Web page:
Heavy lids and yawning aren’t the only signs that you need more time in the sack. Take note of these clues that you need to bump up your snooze time.
Your appetite has increased
Recent research suggests that being sleep deprived may affect ghrelin, a hormone that tells you that you’re hungry, and leptin, a hormone that signals that you are full. “Typically, they are balanced, but sleep deprivation may throw off this ratio with more ghrelin to leptin,” says Fitbit sleep advisor Allison T. Siebern, PhD, consulting assistant professor at Stanford University Sleep Medicine Center and director of the Sleep Health Integrative Program at the Fayetteville VA Medical Center in North Carolina.
You’re craving carbs
Not sleeping enough has been linked to eating an unhealthy diet. Recent research suggests that areas of the brain related to decision-making and judgment are not as active when you’re sleep deprived as parts of the brain which tell us to go for what we want. In other words, you may choose the chips and chocolate over fruits and veggies if you need to catch more Z’s.
Your workouts are weak
Being sleep deprived can zap your energy and motivation to get physical. It can also interfere with your body’s ability to recover and repair since certain stages of sleep are needed to do this work.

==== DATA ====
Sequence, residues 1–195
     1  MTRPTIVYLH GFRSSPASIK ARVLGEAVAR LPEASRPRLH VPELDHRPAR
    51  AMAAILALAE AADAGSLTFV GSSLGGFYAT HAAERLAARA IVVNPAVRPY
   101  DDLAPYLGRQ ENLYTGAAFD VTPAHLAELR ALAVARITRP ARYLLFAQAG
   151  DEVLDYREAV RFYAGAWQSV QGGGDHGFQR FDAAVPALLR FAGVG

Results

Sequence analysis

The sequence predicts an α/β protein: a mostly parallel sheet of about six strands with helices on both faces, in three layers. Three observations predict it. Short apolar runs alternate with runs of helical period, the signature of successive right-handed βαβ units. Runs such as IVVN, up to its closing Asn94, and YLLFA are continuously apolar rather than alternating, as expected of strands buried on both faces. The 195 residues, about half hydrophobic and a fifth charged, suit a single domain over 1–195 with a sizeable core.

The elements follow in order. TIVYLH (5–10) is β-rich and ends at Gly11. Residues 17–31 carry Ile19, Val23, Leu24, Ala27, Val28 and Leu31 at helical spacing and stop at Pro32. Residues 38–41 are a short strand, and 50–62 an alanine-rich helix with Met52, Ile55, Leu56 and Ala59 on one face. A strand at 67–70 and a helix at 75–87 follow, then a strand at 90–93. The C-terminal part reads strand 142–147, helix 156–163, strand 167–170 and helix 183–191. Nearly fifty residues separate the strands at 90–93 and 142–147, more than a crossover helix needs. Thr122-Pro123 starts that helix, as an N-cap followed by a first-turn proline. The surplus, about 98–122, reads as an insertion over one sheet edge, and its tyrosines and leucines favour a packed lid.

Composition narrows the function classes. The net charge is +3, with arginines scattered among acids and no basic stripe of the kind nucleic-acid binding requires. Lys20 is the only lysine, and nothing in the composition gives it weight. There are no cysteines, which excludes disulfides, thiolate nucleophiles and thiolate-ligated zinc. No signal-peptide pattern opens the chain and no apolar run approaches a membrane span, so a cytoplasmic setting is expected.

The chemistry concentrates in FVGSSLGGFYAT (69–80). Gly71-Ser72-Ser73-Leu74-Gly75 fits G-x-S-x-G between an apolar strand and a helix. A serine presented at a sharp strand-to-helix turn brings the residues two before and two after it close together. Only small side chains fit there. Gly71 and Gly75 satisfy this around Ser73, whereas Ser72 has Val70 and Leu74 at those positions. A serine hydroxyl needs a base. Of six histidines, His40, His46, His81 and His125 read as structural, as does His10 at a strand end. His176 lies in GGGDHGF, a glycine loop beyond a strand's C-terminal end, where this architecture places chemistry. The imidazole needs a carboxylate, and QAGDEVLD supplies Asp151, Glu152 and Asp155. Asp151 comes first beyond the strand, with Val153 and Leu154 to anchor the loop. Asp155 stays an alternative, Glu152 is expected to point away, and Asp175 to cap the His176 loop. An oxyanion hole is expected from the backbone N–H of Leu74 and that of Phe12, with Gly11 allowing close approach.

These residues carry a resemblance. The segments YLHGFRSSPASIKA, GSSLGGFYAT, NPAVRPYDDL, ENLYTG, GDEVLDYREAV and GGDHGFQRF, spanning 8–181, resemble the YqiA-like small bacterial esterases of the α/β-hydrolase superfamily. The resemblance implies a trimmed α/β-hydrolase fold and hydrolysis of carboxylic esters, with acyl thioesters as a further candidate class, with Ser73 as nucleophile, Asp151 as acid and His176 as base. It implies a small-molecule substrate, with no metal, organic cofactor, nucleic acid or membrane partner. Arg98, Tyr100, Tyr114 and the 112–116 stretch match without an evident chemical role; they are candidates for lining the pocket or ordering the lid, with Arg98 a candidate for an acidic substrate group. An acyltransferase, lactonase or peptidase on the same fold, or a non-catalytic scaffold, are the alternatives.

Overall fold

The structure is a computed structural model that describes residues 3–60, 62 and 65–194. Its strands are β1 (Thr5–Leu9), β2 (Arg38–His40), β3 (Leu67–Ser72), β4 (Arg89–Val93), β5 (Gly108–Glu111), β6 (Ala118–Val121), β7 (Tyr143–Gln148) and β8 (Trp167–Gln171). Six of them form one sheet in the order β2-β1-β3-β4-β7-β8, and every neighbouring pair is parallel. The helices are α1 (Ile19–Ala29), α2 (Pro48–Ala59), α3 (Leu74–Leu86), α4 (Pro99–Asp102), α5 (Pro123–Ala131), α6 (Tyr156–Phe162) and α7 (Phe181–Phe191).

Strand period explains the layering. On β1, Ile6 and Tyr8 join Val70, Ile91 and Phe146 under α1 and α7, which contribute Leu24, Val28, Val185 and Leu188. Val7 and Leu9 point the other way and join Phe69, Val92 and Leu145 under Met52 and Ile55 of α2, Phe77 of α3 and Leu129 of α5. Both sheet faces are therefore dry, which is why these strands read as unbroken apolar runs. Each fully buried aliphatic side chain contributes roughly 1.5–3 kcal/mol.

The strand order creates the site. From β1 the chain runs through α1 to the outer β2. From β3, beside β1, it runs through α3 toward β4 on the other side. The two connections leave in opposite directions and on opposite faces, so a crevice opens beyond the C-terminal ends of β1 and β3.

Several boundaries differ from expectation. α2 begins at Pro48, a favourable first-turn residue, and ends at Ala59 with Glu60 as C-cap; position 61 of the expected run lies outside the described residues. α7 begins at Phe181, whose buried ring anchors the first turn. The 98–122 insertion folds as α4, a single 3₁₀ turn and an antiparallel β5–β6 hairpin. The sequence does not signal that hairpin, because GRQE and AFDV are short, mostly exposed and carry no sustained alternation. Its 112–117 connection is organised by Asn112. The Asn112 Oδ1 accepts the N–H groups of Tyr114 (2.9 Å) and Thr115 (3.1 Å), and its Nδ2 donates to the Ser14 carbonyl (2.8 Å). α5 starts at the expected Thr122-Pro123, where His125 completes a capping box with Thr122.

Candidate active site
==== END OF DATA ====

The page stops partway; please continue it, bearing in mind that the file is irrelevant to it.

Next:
You’re sniffling and sneezing
Your immune system is the army inside your body that defends you when you’re exposed to anything that can make you sick. But, “sleep deprivation can disrupt the immune system,” says Michael Grandner, PhD, MTR, director of the Sleep and Health Research Program at the University of Arizona College of Medicine. This means you don’t have the same strength to keep the bugs and germs at bay.
Feeling irritable or down can be a sign of sleep deprivation because you don’t have enough energy, but also because sleep deprivation disrupts your ability to regulate your emotions.
You’re craving caffeine
If you find yourself reaching for an extra cup of java, or making an additional run to the corner café, “this may be a signal of not getting enough sleep,” says Siebern. Think about why you want that extra cup and if it’s to stay alert.
This article is not intended to substitute for informed medical advice. You should not use this information to diagnose or treat a health problem or condition. Always check with your doctor before changing your diet, altering your sleep habits, taking supplements, or starting a new fitness routine.